Adrenal cortical carcinoma

Last revised by Daniel J Bell on 3 May 2024

An adrenal cortical carcinoma, also known as adrenocortical carcinoma, is a highly malignant but rare primary neoplasm of the adrenal gland. It may present as a hormonally active or inactive tumor. 

Although men and women are affected equally, functioning tumors are more common in females, who are also more likely to have an associated endocrine syndrome 5. The median age of presentation is around 50 years, but tumors have been found at all ages 3,4.

An additional, but smaller, incidence peak occurs in early childhood. In these cases, tumors are more likely to be functioning 5

Incidence is low, ranging from 0.6 to 1.67 per million, per year 5

Hormonally inactive tumors present as palpable masses, abdominal pain, or evidence of metastasis. Hormonally active tumors, representing 30-40% of all adult tumors, present with characteristic clinical manifestations 3-5:

  • Cushing syndrome secondary to elevated cortisol (most common)

  • virilisation or feminization secondary to elevated androgens

  • Conn syndrome secondary to hyperaldosteronism (rare)

Tumor cells can be similar to normal cortical cells, with small nuclei, pale-staining cytoplasm, and arrangement in clusters, and some cells containing large amounts of fat. In addition, the mesenchyme separating the blood vessels may be visible.

Often a suprarenal well-defined mass is seen, the appearance of which varies based on the size of the lesion. Smaller lesions are homogeneous, whereas larger lesions are heterogeneous secondary to necrosis/hemorrhage.

CT is usually the first imaging modality used.

  • tend to be large (>6 cm)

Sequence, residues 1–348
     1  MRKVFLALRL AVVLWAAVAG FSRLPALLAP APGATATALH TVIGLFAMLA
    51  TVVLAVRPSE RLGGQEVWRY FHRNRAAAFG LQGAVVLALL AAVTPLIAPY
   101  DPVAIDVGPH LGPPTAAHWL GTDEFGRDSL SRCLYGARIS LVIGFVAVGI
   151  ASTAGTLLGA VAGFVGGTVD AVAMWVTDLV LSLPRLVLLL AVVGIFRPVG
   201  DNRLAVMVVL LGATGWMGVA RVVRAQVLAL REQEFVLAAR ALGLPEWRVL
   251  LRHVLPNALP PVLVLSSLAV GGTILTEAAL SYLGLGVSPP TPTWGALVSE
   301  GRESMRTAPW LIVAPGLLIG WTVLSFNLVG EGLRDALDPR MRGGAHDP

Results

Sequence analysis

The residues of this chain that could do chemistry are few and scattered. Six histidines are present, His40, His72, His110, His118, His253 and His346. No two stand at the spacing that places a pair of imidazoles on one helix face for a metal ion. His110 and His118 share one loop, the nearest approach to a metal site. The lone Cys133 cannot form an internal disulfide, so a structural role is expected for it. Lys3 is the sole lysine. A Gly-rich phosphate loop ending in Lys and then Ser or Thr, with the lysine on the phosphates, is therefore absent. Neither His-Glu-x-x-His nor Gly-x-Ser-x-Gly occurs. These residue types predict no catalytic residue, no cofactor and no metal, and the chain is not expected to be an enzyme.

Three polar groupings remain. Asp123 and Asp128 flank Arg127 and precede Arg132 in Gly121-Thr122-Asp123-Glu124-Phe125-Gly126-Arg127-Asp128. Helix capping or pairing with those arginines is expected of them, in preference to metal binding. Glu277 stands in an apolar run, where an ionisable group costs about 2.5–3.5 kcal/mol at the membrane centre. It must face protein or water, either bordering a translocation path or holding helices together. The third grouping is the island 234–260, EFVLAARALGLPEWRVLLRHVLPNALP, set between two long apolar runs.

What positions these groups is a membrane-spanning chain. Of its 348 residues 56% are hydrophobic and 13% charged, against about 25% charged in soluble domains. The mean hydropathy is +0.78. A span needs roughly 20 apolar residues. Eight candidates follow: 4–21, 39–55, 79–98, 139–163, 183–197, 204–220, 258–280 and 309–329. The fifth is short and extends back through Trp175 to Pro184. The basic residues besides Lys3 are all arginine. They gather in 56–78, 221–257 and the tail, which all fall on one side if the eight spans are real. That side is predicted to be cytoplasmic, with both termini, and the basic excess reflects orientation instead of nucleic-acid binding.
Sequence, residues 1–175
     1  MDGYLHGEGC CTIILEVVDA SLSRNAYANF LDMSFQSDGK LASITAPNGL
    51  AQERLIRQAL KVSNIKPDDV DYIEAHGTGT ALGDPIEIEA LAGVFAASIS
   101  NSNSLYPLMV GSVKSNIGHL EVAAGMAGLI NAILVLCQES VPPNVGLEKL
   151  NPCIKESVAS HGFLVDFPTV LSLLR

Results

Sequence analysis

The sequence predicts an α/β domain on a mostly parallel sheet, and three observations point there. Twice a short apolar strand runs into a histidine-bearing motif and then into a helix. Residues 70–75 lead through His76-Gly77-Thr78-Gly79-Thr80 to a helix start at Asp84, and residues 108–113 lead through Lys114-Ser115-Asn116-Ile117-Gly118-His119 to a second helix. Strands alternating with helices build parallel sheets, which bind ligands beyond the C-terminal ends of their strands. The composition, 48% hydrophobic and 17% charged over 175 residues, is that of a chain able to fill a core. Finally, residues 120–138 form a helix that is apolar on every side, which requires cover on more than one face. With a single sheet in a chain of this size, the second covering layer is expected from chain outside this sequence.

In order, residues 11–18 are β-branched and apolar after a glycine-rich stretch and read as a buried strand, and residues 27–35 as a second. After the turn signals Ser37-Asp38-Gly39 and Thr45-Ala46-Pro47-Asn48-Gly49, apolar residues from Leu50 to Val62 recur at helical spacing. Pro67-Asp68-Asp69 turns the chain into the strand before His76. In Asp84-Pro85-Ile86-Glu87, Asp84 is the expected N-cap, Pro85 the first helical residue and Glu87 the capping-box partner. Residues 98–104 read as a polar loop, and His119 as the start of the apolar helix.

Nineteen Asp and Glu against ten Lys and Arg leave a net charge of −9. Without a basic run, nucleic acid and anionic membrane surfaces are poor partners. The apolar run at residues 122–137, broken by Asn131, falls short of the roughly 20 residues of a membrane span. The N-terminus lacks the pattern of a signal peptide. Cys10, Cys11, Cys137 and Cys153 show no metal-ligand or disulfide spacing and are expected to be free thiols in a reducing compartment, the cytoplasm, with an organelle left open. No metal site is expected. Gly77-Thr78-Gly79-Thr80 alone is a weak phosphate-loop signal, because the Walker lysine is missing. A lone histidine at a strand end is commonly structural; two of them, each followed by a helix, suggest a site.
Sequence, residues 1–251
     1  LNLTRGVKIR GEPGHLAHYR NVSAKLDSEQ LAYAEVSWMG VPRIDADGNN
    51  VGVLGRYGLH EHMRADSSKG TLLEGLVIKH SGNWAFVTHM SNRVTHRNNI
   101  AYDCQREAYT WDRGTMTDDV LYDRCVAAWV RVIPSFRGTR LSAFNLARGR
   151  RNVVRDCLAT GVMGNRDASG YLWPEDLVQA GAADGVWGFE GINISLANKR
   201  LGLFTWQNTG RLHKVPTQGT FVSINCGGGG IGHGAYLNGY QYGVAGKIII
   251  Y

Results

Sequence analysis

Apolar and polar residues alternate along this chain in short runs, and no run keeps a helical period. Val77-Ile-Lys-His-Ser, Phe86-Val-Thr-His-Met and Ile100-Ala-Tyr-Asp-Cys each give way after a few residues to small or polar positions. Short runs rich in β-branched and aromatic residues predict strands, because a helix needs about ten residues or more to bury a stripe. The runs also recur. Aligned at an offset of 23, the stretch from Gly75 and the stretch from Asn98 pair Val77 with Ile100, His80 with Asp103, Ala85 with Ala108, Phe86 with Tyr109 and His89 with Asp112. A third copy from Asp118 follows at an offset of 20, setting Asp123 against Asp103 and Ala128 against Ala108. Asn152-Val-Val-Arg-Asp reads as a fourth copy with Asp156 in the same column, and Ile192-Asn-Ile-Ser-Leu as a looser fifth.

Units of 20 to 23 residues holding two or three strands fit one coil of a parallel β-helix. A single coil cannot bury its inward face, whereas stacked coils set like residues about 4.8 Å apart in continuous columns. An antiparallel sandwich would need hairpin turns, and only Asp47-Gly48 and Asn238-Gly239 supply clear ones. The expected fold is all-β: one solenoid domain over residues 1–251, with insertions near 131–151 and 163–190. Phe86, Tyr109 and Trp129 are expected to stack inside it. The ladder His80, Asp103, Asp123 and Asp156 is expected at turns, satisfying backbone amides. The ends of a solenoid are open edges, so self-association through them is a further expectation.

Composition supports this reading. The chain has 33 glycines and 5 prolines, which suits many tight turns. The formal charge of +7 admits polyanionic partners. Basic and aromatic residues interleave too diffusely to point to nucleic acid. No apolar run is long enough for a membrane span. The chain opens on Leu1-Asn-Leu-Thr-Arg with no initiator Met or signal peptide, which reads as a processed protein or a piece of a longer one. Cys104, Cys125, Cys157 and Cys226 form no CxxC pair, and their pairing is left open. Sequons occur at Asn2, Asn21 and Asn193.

• irregularly-shaped

  • central areas of necrosis and hemorrhage, resulting in variable enhancement

    • relative contrast retention (washout <40%) on delayed contrast-enhanced CT 7

  • calcification is seen in up to 30% of cases

If the mass is found early, when still small, then it is difficult to distinguish from an adenoma, as aggressive features are often absent 5.

Focal extension into the renal vein, IVC, and liver are relatively common, with some series finding renal vein involvement in up to 40% of patients 5. Metastasis to regional lymph nodes, lungs, bones, and liver can occur. Liver metastases tend to be hypervascular.

MRI can be useful to determine hepatic invasion if CT is inconclusive.

A heterogeneous mass is seen that is of high signal on T2 sequences. Areas of hemorrhage may result in a variable signal intensity dependent on the age of the hemorrhage. Heterogeneous enhancement is seen with the administration of gadolinium 1,4.

Arteriography may be performed in patients who present with a large mass for which the organ of origin cannot be determined 3. Selective catheterization can identify the primary vascular supply, and thus help distinguish adrenal from renal tumors. 

Ideally, treatment is with surgical excision, however, in many instances, the disease is advanced at the time of diagnosis, in which case chemotherapy (Mitotane) and radiation may be given for palliation.

In general, males have a poorer prognosis, largely because they are less likely to have functioning tumors, and thus present later, with more advanced disease 5

For an adrenal mass consider other adrenal lesions 2:

  • percutaneous fine needle aspiration (FNA) of adrenal cortical carcinoma is unreliable for establishing the diagnosis 8

  • the most specific indications of adrenal cortical carcinoma are metastases and local invasion

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